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2 min read

Epsilon Electronics Loses Lawsuit over Violation of Economic Sanctions


The Department of the Treasury and OFAC initiated administrative proceedings against Epsilon Electronics, alleging that the company had violated ITAR Compliance by exporting goods to Iran. The case was initially heard by an Administrative Law Judge (ALJ), who carefully reviewed the evidence presented by both parties. Upon considering the testimony and additional evidence, the ALJ issued an initial decision, imposing a civil monetary penalty on Epsilon Electronics.

Appellate law and the ALJ's decision are vital components of the legal system, ensuring fairness and providing recourse for parties dissatisfied with the initial outcome of administrative proceedings. By understanding the legal framework, the appeals process, and the potential for further judicial review, individuals and corporations can navigate the intricate path of administrative law to protect their rights and seek justice.

Appeal to the ALJ's Decision:

Unsatisfied with the ALJ's ruling, Epsilon Electronics decided to exercise its right to appeal the decision. The appeal was made to the Appeals Council, the appellate authority in administrative proceedings. The Appeals Council reviews the ALJ's decision and may affirm, modify, or reverse it based on the evidence and arguments presented.

During the appeal process, Epsilon Electronics had the opportunity to present additional evidence and arguments to support its case. The company made compelling arguments, highlighting potential errors in the ALJ's decision and disputing the sufficiency of the evidence against them.

The Appeals Council, considering the written briefs and oral arguments, reevaluated the case and rendered a final decision. In this particular instance, the Appeals Council affirmed the ALJ's decision, concurring with their finding that Epsilon Electronics had indeed violated the Regulations.

Further Judicial Review:

Although the Appeals Council's decision marks the conclusion of the administrative phase, Epsilon Electronics still retains the option of seeking judicial review in a federal district court. This additional step allows the company to challenge the administrative decision before a federal judge.

When seeking such judicial review, Epsilon Electronics would need to demonstrate that the ALJ and Appeals Council erred in their interpretation of the law or in their factual findings. They may also argue that their due process rights were violated during the administrative proceedings.

Investigation and Findings:

OFAC initiated an investigation into Epsilon Electronics after learning that the company had received wire transfers from the Commercial Bank of Dubai, which appeared to be on behalf of Asra International Corporation. The investigation revealed that Epsilon Electronics had made 41 sales to Asra International between 2008 and 2012, of which five transactions were considered severe violations since they occurred after OFAC had issued a cautionary letter to Epsilon Electronics.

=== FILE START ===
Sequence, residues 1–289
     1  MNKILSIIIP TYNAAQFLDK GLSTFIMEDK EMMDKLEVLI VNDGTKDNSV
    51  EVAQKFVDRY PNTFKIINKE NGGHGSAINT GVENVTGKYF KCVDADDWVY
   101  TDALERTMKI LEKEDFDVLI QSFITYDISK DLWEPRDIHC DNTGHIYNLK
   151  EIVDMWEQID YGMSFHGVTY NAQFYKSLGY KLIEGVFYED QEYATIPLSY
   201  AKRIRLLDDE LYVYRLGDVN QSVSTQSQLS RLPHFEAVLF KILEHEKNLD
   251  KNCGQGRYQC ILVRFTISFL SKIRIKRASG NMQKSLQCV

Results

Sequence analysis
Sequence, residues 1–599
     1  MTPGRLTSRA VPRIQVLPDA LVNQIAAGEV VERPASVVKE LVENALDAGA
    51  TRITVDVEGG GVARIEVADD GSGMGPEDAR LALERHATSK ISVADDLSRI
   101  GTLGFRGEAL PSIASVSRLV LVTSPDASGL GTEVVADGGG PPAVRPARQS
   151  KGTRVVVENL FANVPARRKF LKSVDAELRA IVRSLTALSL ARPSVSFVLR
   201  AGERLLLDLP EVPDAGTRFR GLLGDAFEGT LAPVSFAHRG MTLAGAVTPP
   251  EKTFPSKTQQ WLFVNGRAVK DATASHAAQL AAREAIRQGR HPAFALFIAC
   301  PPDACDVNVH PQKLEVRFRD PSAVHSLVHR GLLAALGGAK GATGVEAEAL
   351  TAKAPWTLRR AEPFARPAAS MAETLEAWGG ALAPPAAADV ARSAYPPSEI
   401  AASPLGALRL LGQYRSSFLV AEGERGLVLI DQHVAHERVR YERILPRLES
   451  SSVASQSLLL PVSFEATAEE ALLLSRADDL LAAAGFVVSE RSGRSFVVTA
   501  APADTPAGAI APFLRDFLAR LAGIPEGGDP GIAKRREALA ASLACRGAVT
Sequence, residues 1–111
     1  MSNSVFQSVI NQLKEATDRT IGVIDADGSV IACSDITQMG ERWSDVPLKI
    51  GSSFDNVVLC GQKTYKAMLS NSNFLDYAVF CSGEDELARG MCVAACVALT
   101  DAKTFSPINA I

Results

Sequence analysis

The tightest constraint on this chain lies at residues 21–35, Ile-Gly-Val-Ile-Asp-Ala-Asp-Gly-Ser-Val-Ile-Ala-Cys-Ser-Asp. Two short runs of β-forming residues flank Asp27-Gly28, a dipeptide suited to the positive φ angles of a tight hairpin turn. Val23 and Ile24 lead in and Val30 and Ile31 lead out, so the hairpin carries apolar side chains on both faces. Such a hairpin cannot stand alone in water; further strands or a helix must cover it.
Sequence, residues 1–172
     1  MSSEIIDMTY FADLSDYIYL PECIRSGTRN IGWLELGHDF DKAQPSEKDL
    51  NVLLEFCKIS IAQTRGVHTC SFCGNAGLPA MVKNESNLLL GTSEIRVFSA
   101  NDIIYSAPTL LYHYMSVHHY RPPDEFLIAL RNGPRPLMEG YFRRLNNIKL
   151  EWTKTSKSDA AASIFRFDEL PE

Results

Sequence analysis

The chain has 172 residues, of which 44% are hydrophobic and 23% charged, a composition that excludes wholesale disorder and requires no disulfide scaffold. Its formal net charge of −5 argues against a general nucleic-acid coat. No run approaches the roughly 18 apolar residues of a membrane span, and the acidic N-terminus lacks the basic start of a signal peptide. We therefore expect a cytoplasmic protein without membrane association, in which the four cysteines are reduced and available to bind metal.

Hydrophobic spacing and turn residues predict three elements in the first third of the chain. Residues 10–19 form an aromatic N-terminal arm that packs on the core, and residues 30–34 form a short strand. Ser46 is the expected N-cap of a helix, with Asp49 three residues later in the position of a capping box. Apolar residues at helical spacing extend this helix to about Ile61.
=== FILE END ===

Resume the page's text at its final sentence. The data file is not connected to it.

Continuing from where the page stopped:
The Court's Review:

The court delved into the standard of review for cases seeking a judicial review of agency action under the Administrative Procedure Act (APA). It elucidated that summary judgment is an appropriate mechanism when deciding whether an agency's action is supported by the administrative record and consistent with the APA standard of review. In this case, the court assessed whether the evidence in the administrative record justified OFAC's decision.

Court's Analysis and Verdict:

The court, adopting an "extremely deferential" approach, reviewed OFAC's determinations considering national security, foreign policy, and administrative law implications. It analyzed the circumstances surrounding the alleged violations and determined that OFAC's conclusion that Epsilon Electronics had violated economic sanctions against Iran was well-founded. Despite the plaintiff's assertions, the court found ample evidence to dismiss the arguments challenging OFAC's determinations.

The court also acknowledged OFAC's guidelines for differentiating between "egregious" and "non egregious" violations. Notably, the plaintiff contended that the imposed penalties were excessively severe, but the court found that OFAC had adhered to its enforcement guidelines and that the agency's interpretation of its own regulations deserved judicial deference.

Furthermore, the court rejected the plaintiff's claims related to due process and procedural deficiencies, asserting that the plaintiff had ample notice and opportunity to respond throughout the proceedings. The court concluded that the civil penalty, amounting to $4,073,000, was well within the appropriate range given the gravity and duration of the violations.


In the face of mounting evidence, legal arguments, and a comprehensive review, the court ultimately upheld the civil monetary penalty against Epsilon Electronics for its violation of economic sanctions against Iran. The ruling serves as a reminder of the strict enforcement of international economic sanctions and the potentially severe consequences for violators.